# Weak interactions that change lepton flavor

1. Jun 27, 2011

### Sebastian

Are there any $W^\pm$ or $Z^0$ interactions that change lepton flavor? For example, turn an electron into a muon or vice versa?

Thanks!

2. Jun 27, 2011

### tom.stoer

3. Jun 29, 2011

### Sebastian

Thanks!

I wonder, what is the meaning of "highly suppressed" when describing flavor-changing neutral currents? Do such interactions exist and are just rare, or are they completely forbidden?

Also, is it possible for a changed weak current to conserve flavor?

4. Jun 29, 2011

### tom.stoer

Do you know perturbation theory, Feynman diagrams and the meaning of vertices? For each vertex in a diagram you get a power of a small quantity, so a diagram with a large number of vertices comes always with a high power of a small quantity <1 and therefore represents a small quantity.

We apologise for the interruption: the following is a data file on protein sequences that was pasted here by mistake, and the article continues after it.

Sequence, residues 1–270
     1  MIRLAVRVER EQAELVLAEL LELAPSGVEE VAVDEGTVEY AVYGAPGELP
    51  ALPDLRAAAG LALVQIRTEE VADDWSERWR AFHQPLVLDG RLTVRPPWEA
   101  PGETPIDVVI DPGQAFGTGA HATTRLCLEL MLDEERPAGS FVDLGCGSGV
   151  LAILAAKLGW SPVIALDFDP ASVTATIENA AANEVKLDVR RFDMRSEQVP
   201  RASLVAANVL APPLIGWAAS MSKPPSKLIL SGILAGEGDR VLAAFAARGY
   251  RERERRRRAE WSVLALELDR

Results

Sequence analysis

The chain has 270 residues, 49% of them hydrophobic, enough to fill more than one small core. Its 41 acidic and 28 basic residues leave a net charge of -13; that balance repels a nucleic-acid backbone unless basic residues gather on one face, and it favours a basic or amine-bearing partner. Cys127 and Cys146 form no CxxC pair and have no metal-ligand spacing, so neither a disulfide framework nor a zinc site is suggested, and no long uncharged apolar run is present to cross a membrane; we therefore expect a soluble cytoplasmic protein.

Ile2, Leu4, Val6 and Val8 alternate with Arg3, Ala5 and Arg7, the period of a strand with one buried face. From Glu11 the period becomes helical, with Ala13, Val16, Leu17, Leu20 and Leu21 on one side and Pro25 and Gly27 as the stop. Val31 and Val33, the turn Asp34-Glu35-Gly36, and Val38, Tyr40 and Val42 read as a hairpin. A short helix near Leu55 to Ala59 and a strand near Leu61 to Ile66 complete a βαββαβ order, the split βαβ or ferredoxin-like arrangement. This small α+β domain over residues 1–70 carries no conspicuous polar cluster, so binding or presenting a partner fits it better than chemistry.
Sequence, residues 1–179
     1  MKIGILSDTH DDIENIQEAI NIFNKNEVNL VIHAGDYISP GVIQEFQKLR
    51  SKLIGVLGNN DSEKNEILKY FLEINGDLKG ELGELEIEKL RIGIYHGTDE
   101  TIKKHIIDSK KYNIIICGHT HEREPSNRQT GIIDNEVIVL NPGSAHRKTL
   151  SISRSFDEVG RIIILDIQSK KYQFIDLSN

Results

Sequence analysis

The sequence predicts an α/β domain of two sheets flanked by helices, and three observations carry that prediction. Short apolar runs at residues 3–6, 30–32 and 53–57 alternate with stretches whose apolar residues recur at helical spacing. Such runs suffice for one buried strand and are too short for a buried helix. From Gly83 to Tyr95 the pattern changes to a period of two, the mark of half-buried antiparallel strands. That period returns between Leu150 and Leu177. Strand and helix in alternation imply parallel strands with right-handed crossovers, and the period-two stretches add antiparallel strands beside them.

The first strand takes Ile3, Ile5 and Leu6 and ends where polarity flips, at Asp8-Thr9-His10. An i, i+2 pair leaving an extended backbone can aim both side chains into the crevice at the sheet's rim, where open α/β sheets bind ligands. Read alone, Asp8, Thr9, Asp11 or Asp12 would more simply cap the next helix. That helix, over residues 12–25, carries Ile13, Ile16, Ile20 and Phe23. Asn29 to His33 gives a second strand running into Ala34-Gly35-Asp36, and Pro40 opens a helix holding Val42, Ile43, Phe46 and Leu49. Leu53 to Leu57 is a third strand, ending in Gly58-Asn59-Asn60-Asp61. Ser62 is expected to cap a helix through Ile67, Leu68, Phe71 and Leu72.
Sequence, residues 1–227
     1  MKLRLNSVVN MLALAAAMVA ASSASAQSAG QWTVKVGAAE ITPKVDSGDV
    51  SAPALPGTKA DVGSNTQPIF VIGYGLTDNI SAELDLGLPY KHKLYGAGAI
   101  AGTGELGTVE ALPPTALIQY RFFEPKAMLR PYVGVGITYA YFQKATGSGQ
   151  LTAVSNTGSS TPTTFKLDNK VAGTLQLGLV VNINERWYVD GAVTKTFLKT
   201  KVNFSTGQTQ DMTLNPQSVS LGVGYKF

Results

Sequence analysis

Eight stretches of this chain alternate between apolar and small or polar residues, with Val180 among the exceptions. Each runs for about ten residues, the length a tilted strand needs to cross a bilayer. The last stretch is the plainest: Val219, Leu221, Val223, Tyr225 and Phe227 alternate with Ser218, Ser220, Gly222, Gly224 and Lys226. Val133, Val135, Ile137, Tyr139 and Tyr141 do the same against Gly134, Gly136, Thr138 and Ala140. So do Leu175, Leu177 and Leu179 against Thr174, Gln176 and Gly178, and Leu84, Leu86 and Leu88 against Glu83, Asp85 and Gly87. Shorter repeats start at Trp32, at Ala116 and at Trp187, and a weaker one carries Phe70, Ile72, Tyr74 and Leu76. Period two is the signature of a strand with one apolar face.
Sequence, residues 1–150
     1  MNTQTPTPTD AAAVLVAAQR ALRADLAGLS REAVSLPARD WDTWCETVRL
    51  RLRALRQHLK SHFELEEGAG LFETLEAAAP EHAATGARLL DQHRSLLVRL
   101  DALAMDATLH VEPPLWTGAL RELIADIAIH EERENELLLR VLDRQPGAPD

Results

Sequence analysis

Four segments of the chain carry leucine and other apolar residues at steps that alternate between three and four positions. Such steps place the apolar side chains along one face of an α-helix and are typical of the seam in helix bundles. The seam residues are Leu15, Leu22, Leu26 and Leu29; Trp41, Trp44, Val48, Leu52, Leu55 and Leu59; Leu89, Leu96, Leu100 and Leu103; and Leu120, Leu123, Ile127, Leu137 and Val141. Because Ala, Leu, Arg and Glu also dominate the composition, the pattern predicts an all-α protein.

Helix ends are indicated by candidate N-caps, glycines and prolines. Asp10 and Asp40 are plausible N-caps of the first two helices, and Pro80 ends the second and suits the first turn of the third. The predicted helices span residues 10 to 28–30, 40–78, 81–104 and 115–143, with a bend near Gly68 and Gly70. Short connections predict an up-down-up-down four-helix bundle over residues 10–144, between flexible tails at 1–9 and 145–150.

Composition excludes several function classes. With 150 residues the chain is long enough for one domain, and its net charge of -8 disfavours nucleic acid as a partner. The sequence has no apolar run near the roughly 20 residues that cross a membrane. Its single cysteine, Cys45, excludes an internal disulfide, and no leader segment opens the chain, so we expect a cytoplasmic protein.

Highly suppressed means that you can draw diagrams for allowed processes of flavor changing neutral currents, but that these diagrams contain a typically more vertices and therefore represent only a small correction to other processes.

5. Jun 29, 2011

### Sebastian

I'm taking an introduction course in elementary particle physics (3rd year level). We did study Feynman diagrams, at least qualitatively. And I understood your explanation, thanks :)

Could you please answer my second question (is it possible for a changed weak current to conserve flavor)?

6. Jun 29, 2011

Staff Emeritus
It is not possible for a charged current to conserve flavor, because it must couple to two different fields to couple with two fields of different charges. A photon can couple to u-ubar or d-dbar, but a charged boson needs to couple to u-dbar or d-ubar.

7. Jun 30, 2011

### Parlyne

There are charged current contributions to processes like $e\nu_e \rightarrow e\nu_e$ or $ud \rightarrow ud$ scattering where overall flavor is conserved, even though flavor is not conserved at each vertex. (If you object to the second case as relying on free quarks, it can be though of as a proxy for $pn \rightarrow pn$.)

8. Jun 30, 2011